I read somewhere a manifest file is needed to restore a backup. I have ran several backups lately but on the remote location where the zip.eas files are stored, I see none including manifest in it’s name.
I get an error regarding passphrase when trying to restore but I am so so so certain I type the right decryption passphrase that I am now confused as to why the restore won’t work.
I’m not aware of any manifest file, so long as you have the zip files you should be fine.
As for the encryption key, not much you can do there. Type the whole key out in a text editor so you can see it then copy and paste it. Try typing the password with CAPS lock on vs off, I’ve inverted many passwords without noticing. There is no reasonable way to get around the encryption (by design), if you can’t figure out the encryption key you’ll have to start a new backup set.
manifest files do exist in the backup, but they are embedded in the backup files (all backup files are zip files, so they are containing themselves files). So if you don’t have the decryption key, you can’t see them. You can use the included utility SharpAESCrypt.exe to test your encryption key on any backup file and if it matches you will see a manifest file in the resulting zip file.
Here is the content of one included in a dindex file:
Going with earlier questions for specifics, typically a GUI Restore needs no typing.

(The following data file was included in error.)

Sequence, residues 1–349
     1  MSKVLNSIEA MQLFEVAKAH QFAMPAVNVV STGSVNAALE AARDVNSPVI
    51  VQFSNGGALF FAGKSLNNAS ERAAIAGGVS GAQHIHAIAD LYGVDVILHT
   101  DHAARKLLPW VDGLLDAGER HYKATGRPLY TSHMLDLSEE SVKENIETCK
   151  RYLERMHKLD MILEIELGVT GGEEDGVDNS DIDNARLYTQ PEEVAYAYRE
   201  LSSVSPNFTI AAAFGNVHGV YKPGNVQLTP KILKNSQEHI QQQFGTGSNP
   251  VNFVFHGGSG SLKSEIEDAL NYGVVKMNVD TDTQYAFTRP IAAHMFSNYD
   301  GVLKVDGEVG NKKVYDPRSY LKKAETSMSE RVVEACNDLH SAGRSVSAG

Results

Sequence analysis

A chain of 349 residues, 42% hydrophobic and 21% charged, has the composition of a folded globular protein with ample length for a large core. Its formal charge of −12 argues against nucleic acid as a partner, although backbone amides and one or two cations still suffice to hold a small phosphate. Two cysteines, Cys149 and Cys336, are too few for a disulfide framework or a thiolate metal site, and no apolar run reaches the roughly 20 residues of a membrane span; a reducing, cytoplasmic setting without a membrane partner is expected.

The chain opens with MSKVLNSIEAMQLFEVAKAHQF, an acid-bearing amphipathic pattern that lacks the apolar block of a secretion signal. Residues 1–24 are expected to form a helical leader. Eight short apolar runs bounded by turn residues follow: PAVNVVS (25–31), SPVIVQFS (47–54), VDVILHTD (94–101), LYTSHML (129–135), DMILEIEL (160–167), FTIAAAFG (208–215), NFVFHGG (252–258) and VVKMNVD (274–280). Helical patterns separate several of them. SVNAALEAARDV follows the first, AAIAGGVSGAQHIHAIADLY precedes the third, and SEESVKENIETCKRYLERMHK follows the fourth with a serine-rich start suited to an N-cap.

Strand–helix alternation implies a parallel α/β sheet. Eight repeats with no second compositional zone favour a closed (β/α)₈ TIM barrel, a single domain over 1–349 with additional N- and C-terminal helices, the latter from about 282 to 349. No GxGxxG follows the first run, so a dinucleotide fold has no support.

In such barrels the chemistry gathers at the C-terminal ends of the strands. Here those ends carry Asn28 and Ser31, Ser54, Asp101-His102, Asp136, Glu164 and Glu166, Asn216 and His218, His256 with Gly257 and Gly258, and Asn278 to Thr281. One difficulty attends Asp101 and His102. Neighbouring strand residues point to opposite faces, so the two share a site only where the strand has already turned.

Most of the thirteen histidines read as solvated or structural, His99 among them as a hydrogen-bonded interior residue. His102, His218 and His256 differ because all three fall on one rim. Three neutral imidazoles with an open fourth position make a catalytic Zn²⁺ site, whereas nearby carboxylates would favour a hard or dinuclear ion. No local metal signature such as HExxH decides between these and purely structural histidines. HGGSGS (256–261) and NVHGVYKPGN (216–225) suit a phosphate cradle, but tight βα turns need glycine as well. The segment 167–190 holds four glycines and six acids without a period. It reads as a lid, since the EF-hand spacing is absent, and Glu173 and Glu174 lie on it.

The password is part of that job, so is remembered (except for special situations).
Maybe you’re doing something else, but an explanation would help with guidance.
Agree with prior comments from others by the way. If you need GUI decryptor, try AES Crypt. Or try the mentioned program found in the Duplicati installation folder.
Sometimes command lines can be character sensitive. GUI tools typically are not.
Assuming something can decrypt the files, we can track down what else is wrong.
You said that you have done backups already; it’s reasonable to assume you created a job to do that. The encryption key is saved in the job. If you select the job, you get the option to do a restore option right at the first line (besides ‘run now’ there is ‘Restore files…’) and if you select it you don’t need to enter again the encryption key.
This said, with Duplicati, the first thing to do after creating a job is to save the job as json and store the file in a safe location (outside the protected system, to be able to restore if the system crashes)
yes the passphrase is in Duplicati-server.sqlite. I think that under Windows it’s encrypted, it should be possible to read it nonetheless but I don’t have experience with that.
Under Linux the database is not protected and you can find the passphrase in the Option table:
select value from option where backupid=9 and name=‘passphrase’;
where 9 is the backup id (can be found in the table ‘backup’)
I’d guess that under Windows stopping Duplicati and replacing the database with the saved one, then restarting Duplicati, could work around the db encryption.
Unless you have lost your original data, a simpler option could be to start a fresh backup and this time do it better.
I found the passphrase, tested it and it worked. My girlfriend just had a heart attack as I literally screamed like I just won a million dollars.
I thought I had lost the data, which did not mean lost all of it because the real important stuff is backed up elsewhere too, but we would have lost some nice pics in high quality, we wouldn’t want to loose.
I have learnt a lot from this whole ordeal and I am SO HAPPY now.